10 July, 2013 at 5:28 pm

FanProf. Tao,

Is the new 7/600 or 6/700? It’s one way here and the other way on the Polymath wiki.

[Corrected, thanks – T.]13 July, 2013 at 4:03 pm

Gergely HarcosTwo suggestions and some typos:

1. In the proof of Corollary 11, you refer to Proposition 5 of the previous post (https://terrytao.wordpress.com/2013/06/22/bounding-short-exponential-sums-on-smooth-moduli-via-weyl-differencing/). For the sake of the reader it would be cleaner/simpler to refer to just one important step in the proof of this proposition, namely to

,

where and . This implies that the last term in Proposition 10 (for this choice of parameters) is

.

2. In the proof of Lemma 12, the term should be . Moreover, in three consecutive displays of this proof, should be .

3. Two lines below (7), should be .

4. should be (four occurrences).

5. In Corollary 11, should be ; perhaps would be even better. In addition, should be .

6. In the proof of Corollary 11, “replaced by ” should be “replaced by “, and should be .

7. In Lemma 12, should be .

8. Three displays above Lemma 13, should be .

[Corrected, thanks – T.]13 July, 2013 at 8:03 pm

Gergely Harcos9. I think in Proposition 10 all prime factors of should be sufficiently large to make the implication

valid. We can remove this restriction on by decomposing

,

where is the product of the small prime factors of . A similar comment applies to Corollary 11.

10. Three displays above Lemma 13, should be .

[Corrected, thanks – T.]13 July, 2013 at 7:10 pm

Terence TaoI am recording here a variant of the combinatorial lemma that relaxes the constraint to , at the cost of introducing two additional cases, the “Type IV” and “Type V” cases. We have good estimates for the Type IV case, but unfortunately not for the Type V case, so this lemma does not actually give any improvement on for our application. (However if one is interested in a distribution theorem for rather than for , then the Type V case is excluded and we can do a little bit better than what we currently have (specifically, if we ignore , we improve from to ).

Here is the precise lemma:

Combinatorial lemmaLet be non-negative quantities adding up to , and let . Then at least one of the following occurs:* (Type 0 case) We have for some .

* (Type I/II case) There exists a partition such that .

* (Type III case) There exist distinct such that and . (This case only occurs when .)

* (Type IV case) There exist distinct such that and . In particular we have , and hence . (This case only occurs when .)

* (Type V case) There exist distinct such that and . (This case only occurs when .)

ProofIf we have for some then we are in the Type I/II case (possibly after replacing with its complement), so we may assume that this does not occur. Thus every is “small” (less than ) or “large” (greater than ).As before, call an element “powerful” if the addition of can convert a small sum into a large sum, and “powerless” otherwise. All the powerful elements must be at least , and have large sum. If any of the powerful elements are large then we are in Type 0, so we may assume that they are all small, which implies that they remain small even if we add in all the powerless elements; in particular, there are at least three powerful elements (since two small quantities cannot sum to 1). On the other hand, since , we see that there are at most five powerful elements.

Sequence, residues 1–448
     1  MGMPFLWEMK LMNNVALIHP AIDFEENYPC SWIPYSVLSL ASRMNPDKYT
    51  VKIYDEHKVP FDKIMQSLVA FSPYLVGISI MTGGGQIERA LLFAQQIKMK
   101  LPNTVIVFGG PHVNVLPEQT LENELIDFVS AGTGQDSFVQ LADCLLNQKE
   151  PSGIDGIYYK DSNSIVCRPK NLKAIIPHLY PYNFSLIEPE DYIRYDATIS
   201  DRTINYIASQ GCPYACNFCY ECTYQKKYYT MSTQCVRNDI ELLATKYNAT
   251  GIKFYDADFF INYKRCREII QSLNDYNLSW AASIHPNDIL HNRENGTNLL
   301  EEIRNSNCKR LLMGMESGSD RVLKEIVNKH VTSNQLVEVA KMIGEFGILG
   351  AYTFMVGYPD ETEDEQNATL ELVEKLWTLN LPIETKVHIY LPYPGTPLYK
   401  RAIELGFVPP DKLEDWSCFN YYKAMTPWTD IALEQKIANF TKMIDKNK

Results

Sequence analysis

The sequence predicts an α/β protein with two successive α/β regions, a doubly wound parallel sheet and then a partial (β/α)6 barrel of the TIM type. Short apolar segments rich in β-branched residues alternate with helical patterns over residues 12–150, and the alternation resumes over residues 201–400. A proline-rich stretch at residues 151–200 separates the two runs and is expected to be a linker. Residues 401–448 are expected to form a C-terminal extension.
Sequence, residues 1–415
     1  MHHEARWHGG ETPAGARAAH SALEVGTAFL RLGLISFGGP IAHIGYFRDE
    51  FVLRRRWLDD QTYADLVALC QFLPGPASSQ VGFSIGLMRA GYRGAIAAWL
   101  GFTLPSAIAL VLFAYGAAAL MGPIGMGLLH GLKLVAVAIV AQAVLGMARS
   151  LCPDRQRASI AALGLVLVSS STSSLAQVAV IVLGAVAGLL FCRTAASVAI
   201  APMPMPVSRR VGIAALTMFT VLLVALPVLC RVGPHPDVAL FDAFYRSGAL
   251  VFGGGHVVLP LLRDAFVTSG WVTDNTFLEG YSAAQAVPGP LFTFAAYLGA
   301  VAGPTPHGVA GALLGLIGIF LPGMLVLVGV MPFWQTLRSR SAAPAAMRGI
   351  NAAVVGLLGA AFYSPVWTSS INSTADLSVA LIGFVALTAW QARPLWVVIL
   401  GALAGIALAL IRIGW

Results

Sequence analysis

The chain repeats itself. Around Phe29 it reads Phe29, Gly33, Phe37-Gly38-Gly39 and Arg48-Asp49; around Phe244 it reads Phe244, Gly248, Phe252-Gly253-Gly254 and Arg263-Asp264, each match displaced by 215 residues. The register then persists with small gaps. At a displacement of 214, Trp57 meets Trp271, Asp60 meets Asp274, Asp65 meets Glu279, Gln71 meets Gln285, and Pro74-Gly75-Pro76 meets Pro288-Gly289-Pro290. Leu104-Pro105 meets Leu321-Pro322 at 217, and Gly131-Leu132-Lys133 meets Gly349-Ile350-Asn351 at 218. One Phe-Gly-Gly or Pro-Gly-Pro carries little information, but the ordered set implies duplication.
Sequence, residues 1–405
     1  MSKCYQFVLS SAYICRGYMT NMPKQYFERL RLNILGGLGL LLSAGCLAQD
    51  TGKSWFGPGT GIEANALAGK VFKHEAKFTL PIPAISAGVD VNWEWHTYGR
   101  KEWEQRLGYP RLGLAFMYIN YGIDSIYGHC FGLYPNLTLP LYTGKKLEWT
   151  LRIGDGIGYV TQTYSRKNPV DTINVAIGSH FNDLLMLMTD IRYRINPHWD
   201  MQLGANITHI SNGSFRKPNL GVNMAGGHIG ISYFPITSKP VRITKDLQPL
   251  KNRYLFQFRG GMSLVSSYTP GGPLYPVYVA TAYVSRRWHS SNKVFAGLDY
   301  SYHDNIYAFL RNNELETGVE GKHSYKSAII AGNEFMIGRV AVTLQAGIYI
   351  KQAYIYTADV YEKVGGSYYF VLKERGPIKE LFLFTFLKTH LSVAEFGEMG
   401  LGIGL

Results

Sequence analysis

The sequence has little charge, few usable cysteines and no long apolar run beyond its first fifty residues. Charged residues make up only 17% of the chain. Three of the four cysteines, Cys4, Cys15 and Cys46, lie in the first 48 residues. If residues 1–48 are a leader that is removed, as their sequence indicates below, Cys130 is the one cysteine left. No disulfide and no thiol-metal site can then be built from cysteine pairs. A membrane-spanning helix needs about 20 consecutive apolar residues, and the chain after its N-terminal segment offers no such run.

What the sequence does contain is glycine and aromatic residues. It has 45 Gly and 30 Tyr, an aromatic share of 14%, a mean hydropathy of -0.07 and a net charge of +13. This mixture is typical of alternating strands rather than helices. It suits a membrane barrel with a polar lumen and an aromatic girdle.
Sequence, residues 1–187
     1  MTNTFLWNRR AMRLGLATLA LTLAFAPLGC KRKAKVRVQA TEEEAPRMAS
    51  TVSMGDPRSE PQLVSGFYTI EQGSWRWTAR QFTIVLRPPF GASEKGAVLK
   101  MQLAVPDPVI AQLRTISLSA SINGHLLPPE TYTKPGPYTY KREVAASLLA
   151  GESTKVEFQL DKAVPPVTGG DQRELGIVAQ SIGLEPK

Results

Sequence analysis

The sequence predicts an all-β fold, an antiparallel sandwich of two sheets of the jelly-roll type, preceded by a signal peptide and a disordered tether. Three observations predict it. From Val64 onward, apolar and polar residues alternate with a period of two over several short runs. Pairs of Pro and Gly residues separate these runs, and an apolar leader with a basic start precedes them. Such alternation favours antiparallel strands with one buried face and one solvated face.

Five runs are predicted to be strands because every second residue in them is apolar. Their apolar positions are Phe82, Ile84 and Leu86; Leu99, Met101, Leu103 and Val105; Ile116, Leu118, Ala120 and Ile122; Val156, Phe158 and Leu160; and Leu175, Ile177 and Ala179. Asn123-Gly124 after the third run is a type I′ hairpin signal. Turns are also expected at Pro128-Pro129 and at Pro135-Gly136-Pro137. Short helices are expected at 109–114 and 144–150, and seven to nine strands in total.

We now divide into cases. If there are exactly three powerful elements , then without loss of generality . Since plus all the powerless elements is small, we conclude that is large, and we are in the Type III case.

If there are exactly four powerful elements , then without loss of generality . If is large then we are in the Type IV case, so suppose instead that is small. Then plus all the powerless elements is still small, so is large. But then place us in the Type III case, and we are again done.

Finally suppose that there are exactly five powerful elements . Without loss of generality we have . Note that is at least , which is greater than ; thus is large. Thus forces to be small; since , we conclude that as required.

We can illustrate this lemma with the estimate when there is no Type V estimate. Ignoring , we can control the Type 0 sums whenever

the Type I sums whenever

the Type II sums whenever

and the Type III sums whenever

.

(The Type I condition might be improvable in view of this previous comment https://terrytao.wordpress.com/2013/07/07/the-distribution-of-primes-in-doubly-densely-divisible-moduli/#comment-238186 , but let’s ignore that for

now.)

To handle the Type IV sums, we see that as , we can view these sums as a Type I sum with replaced by , and with the “” factor smooth. In this comment https://terrytao.wordpress.com/2013/07/07/the-distribution-of-primes-in-doubly-densely-divisible-moduli/#comment-238054 it is shown (or at least sketched) that such sums can be controlled if

.

One can check that these conditions (as well as the combinatorial constraint ) are satisfiable in the neighbourhood of , ). It’s a pity that we don’t yet have any good way to control Type V sums (other than to treat them to a Type I sum), otherwise we could hope to obtain this sort of improvement for the actual problem, rather than for the distribution problem.

13 July, 2013 at 7:30 pm

Brian RothbachShouldn’t you be able to improve 1/12 to 1/14 in the lemma? The sum of three powerful elements just needs to be greater than to be large, not

[probably you mean here – T.]; once you have that, you can’t have 6 powerful elements with a sum less than 1 (since both the first three and the last three would sum to at least ).The next obstacle to the combinatorial lemma appears to be a collections of seven 1/7th’s (and other clusterings of 1/7th), and in general collections of 2n+1 1/(2n+1)’s start new cases..